There is a Chinese saying, “If we do not change direction, we shall arrive where we are heading”. As the NHS emerges from the multiple consequences and challenges of the pandemic, will we find ourselves on the right road?

The NHS will continue to deal with emergencies, large and small, to provide access to specialist investigations and treatments, to give children a good start in life and to help people die in comfort and with dignity, but an increasing challenge will be supporting and enabling people to live well with multimorbidity.

Multimorbidity is not a single entity and varies from the accumulation of physical problems with old age to the combinations of physical, psychological, and social problems in deprived areas which make longevity a distant prospect. But while people with multimorbidity are all different, their needs are the same –namely unconditional, personalised continuity of care, building the knowledge, confidence and ability to live well, to make good use of services, and to avoid or delay complications.

It is often said that about 15 per cent of consultant vacancies in NHS Scotland are unfilled, suggesting a crisis, but this needs to be viewed in context. In the last two decades the numbers of hospital consultants and specialists working in community health services have increased by about 50%, while the number of general practitioners has stayed more or less the same. The resulting imbalance of specialist and generalist services has had big consequences.

Specialist services are important, and often brilliant, but leave a lot for general practice to do in terms of patients who do not meet referral criteria, have difficulty in accessing services, are not made better by treatment, have conditions outside specialist interest and are discharged from specialist care.

With post-Covid syndrome, catching up with chronic disease management and the increasing health impacts of poverty and financial distress, workload in general practice has increased. Exhausted GPs are retiring early. The capacity of general practice (the “community sink” into which all sorts of problems have traditionally been poured) can no longer be taken for granted.

With nearly 90% of NHS patient contacts taking place in primary care, a reduction to 88% is imperceptible in the community but the impact in hospital, from 10% to 12% is huge. Understandably there are calls for increased A&E resources, but when a ship is listing to one side it is not the side nearest the water that needs extra weight.

The gatekeeping role of general practice is not confined to writing referral letters. Patients can attend A&E at any time but when the complications of their conditions have been prevented, when they are confident in their care and have ready and reliable access to a small team of health professionals whom they know and trust, they choose not to. The elegance of this aspect of gatekeeping is that there is no gate.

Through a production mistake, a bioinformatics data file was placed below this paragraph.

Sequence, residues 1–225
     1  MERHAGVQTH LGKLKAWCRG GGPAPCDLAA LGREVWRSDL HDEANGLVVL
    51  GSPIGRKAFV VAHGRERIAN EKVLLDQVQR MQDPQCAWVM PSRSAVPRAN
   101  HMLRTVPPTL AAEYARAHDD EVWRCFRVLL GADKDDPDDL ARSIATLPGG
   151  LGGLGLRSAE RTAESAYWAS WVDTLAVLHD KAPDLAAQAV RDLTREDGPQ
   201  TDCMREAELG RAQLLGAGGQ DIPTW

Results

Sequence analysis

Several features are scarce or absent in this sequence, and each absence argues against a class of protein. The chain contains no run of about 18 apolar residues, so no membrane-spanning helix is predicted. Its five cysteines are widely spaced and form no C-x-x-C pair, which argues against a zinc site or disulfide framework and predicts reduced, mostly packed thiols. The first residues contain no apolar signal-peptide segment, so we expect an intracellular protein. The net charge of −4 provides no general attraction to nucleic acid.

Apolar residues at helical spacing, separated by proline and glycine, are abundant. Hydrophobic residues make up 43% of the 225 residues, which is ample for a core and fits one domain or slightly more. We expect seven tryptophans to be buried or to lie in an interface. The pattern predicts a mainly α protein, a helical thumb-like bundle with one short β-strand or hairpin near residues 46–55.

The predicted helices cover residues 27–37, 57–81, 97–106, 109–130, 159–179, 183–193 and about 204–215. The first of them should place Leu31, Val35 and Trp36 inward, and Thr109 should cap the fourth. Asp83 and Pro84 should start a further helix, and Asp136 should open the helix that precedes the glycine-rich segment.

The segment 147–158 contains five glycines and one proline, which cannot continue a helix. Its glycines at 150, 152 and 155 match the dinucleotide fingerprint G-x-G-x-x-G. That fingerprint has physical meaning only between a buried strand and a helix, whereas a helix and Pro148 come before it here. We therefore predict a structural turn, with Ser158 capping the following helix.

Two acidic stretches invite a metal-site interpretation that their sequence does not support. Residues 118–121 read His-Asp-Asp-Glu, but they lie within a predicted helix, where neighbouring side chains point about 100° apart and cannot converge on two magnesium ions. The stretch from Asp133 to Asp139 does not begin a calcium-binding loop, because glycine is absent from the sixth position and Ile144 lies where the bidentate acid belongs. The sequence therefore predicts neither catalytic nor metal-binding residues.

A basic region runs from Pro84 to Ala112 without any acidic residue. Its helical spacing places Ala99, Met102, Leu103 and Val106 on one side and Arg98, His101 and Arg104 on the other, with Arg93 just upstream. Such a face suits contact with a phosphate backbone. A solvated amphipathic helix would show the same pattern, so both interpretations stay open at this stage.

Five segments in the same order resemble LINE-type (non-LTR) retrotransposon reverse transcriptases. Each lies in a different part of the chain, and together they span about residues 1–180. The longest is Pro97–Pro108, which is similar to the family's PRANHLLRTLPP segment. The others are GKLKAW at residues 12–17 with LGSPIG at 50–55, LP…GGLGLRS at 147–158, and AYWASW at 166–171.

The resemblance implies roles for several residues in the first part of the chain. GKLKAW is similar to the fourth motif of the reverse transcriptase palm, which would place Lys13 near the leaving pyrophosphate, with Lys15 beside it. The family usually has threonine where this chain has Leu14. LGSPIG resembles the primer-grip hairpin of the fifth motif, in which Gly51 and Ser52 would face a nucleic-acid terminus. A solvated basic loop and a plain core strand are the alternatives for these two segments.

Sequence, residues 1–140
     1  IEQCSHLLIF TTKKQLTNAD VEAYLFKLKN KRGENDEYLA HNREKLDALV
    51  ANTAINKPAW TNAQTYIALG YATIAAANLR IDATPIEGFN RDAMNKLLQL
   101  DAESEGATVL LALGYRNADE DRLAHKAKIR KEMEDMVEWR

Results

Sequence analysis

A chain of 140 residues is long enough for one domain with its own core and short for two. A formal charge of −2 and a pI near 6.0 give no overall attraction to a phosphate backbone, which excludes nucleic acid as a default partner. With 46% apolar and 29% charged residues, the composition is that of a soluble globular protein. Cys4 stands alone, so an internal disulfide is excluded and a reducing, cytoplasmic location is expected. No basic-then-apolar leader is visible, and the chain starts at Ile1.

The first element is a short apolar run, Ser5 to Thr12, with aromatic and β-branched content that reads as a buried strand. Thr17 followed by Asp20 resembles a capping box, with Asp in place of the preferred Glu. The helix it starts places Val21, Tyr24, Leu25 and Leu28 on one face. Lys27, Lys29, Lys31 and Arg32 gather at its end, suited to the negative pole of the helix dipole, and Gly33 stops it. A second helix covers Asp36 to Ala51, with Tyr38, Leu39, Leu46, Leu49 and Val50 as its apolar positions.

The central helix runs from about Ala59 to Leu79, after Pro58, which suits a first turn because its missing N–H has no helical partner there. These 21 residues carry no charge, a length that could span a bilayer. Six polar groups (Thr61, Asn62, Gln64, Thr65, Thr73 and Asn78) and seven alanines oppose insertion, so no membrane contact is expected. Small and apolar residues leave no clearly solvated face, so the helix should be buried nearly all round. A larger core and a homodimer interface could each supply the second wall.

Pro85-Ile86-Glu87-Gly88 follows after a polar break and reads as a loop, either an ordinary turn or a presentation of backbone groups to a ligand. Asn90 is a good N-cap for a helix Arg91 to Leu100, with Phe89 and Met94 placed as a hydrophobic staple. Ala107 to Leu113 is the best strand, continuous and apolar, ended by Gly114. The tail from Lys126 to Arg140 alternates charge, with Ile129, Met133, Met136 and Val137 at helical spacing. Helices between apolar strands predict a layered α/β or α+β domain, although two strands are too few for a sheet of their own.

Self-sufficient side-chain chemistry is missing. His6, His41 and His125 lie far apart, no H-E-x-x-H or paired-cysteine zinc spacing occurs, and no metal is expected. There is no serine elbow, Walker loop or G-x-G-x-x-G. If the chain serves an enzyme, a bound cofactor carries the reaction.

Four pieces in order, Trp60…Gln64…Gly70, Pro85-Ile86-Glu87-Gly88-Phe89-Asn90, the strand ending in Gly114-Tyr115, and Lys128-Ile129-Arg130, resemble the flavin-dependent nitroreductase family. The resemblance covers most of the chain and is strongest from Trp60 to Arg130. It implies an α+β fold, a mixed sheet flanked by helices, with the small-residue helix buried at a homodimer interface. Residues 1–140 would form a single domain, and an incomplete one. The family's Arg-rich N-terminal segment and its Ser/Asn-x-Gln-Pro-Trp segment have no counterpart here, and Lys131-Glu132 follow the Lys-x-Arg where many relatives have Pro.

It is possible, of course, to live long and well without the help of doctors but in Scotland the 10% of patients with four-plus conditions account for nearly 50% of potentially preventable hospital admissions. Such patients are generally excluded from research and the evidence base but keep the NHS busy and are most in need of unconditional, personalised, continuity of care, building knowledge, confidence and agency.

A study of 700 consultations in general practice showed that affluent patients with multimorbidity had 25% more time with their doctor than deprived patients with similar levels of multimorbidity – a feature of NHS Scotland whereby everyone has equal access through the front door but not equal access to needs-based care. Despite premature mortality and multimorbidity increasing two-to-three-fold across the social spectrum, the distribution of GP manpower is virtually flat, especially in the more deprived half of the population.

The road we are on is paved with good intentions but has led us into three undesirable situations.

First, an archipelago of efficient, centrally-managed, specialist services in hospital and the community has fragmented care and increased the “treatment burden” of patients with multimorbidity ie. the work that patients do in accessing different services for different conditions.

Second, the weakened capacity of general practice exposes emergency services to patients whose preventable complications and crises have not been prevented.

Third, the gap between what GPs can do and could do for their patients with more time, better connections and better support is greatest in deprived areas.

Key features of the NHS at its onset were access, taking money out of the doctor-patient consultation and reducing the appeal, for those who could afford it, of private medicine. For individual families the best protection lay in all families being protected.

These features are still important, but healthcare has new challenges, especially in its contribution to improving population health. If healthcare is not at its best where it is needed most, inequalities in health will widen, as some groups benefit while others do not.

To paraphrase George Orwell, the argument that politics should be kept out of health care is itself a political statement, favouring those who benefit most from current arrangements.

Of its own accord the NHS does not travel in a straight direction but veers to the pull of special interests, including managerial, professional, and public. If politicians take their hands off the wheel, we shall arrive where we are heading.

Graham Watt is Emeritus Professor of General Practice and Primary Care at Glasgow University